The Bakersfield Californian
April 20, 2012
Couples often disagree about if and when they should retire from jobs that have maintained their lifestyles for decades. Shaping retirement as a transition into an “encore” career can be a reasonable compromise to help resolve these disputes.
Consider my clients, who I will call Sally and Tom. In their late 50s, the couple has been married for about 30 years. They both work for public agencies. When they retire, each will receive pensions and Social Security checks.
Sally has worked for her public agency significantly longer than Tom has worked for his. As a result, her income at retirement age will be slightly larger than Tom’s. Both also will receive Social Security benefits. Sally likes her job and her present income. Likely she will work until her “full retirement age” to maximize her benefits.
For whatever reason, Tom doesn’t like his job. Sally is pressuring him to work overtime whenever possible to maximize his pension, since he will only have 20 years of service, compared to her 30, when he turns 60.
Sally also wants Tom to work past 60, pointing out how much larger his pension and Social Security checks will be. If he retires at 60, he will receive about $36,000 – a combination of his pension and projected Social Security, which he would begin receiving when he reaches 62. If he starts drawing from his investments at 60, it could provide about $350 per month, or $4,200 per year, to supplement his pension until he reached 62.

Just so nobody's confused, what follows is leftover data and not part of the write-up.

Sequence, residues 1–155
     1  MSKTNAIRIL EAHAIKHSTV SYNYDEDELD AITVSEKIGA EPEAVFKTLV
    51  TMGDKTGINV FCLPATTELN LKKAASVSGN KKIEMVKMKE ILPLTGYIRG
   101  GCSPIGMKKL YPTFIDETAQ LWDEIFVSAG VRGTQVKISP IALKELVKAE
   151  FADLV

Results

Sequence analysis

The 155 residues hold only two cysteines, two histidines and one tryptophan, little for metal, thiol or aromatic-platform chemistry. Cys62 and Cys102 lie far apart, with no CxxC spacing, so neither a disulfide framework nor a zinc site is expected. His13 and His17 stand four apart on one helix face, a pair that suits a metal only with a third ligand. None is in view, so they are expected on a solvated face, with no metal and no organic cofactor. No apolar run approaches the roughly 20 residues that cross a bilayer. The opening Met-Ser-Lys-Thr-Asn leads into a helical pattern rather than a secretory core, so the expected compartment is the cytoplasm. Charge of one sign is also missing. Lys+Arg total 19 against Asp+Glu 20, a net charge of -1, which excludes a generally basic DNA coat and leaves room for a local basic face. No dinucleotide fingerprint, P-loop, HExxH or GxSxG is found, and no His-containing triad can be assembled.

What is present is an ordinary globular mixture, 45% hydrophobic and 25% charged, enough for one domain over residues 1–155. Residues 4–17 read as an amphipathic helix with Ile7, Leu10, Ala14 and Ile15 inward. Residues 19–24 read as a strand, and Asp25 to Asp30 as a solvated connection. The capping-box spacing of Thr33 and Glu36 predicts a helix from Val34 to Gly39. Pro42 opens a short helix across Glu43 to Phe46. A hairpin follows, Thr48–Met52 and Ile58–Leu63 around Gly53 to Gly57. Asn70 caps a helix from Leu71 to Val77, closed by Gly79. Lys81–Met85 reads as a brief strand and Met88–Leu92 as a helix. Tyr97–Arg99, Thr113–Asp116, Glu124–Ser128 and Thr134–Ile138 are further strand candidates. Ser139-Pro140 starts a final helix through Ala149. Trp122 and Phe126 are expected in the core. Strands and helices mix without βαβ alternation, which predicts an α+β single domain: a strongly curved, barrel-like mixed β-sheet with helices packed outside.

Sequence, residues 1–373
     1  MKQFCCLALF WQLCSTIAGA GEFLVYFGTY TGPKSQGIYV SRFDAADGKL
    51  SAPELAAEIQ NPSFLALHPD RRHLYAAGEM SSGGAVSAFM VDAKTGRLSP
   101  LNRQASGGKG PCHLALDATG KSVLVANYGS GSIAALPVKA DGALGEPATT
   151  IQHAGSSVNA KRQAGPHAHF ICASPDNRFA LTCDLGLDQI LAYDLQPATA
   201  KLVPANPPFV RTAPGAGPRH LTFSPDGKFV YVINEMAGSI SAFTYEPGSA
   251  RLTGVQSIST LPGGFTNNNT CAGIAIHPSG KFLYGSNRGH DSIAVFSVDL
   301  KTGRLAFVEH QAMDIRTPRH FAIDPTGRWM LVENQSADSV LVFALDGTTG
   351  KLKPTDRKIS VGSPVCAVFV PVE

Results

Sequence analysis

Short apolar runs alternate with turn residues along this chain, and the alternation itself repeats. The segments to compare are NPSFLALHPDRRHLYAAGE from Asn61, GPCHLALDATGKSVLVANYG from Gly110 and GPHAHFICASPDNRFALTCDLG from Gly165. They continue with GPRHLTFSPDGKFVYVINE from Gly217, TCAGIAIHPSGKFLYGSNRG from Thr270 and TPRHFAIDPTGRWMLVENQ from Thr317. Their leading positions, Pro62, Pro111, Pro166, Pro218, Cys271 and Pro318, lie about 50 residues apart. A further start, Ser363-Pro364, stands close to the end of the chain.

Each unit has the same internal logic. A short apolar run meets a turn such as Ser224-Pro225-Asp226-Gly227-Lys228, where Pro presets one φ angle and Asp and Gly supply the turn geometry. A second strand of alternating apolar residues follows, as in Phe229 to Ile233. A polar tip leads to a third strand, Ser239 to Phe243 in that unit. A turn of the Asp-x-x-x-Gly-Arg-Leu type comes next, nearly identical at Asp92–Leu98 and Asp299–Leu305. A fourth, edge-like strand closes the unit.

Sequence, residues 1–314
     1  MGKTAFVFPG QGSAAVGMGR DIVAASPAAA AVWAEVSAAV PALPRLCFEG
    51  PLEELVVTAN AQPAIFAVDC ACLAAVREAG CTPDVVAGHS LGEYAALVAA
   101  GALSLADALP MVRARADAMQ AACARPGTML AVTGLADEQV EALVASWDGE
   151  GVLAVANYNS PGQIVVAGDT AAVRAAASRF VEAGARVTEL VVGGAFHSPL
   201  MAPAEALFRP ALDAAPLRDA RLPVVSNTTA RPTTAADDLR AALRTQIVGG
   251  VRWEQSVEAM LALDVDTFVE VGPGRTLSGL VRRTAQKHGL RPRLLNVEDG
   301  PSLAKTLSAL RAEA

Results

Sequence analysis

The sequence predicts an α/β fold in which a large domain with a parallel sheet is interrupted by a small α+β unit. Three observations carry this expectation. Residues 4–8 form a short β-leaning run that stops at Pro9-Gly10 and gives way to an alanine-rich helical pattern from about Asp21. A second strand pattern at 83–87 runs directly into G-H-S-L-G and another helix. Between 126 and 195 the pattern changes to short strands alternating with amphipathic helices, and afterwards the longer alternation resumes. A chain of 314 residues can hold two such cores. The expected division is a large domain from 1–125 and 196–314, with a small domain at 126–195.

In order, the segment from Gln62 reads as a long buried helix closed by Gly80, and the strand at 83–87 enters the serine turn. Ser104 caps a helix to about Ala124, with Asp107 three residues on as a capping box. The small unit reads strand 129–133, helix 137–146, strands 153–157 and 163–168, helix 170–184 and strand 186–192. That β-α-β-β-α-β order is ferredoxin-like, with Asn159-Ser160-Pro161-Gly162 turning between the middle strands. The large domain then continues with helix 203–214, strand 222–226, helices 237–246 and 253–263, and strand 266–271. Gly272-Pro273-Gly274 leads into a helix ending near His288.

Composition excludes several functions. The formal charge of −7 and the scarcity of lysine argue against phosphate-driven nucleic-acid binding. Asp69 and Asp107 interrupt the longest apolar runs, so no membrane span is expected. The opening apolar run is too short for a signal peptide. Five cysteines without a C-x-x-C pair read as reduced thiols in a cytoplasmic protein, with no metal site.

The dilemma: Balancing Sally’s correct conclusion that the couple would be financially better off if Tom delayed his retirement, with Tom’s desperate desire to quit his job.
I asked Tom: With the certifications he holds relating to his present job, could he find another job or transition into an encore career after retirement that would pay about $1,000 a month? If he could, that would keep him from tapping his investments until his Social Security checks started arriving when he turned 62.
Tom was not 100 percent sure he could do that, but he wanted to try, rather than continue working at his present job.
And if Tom found another job and could work past 62, he could delay taking “early” Social Security, resulting in that source of retirement income growing. If he started his own business or consulted, self-employed wages would add into Social Security and “grow” the benefit, as well.
Although still disappointed by Tom’s insistence on retiring from his public agency job, Sally was satisfied with her husband’s plans to keep working after retirement, at least part time.
In the end, Tom still has a few years left in his present job before he reaches 60. He should use those years to prepare for “after retirement” job-hunting, or to explore encore career opportunities.
For a variety of reasons, many boomers, like Tom, are finding it necessary to work beyond their “ideal” retirement age. Encore careers, or part time jobs can stretch retirement incomes.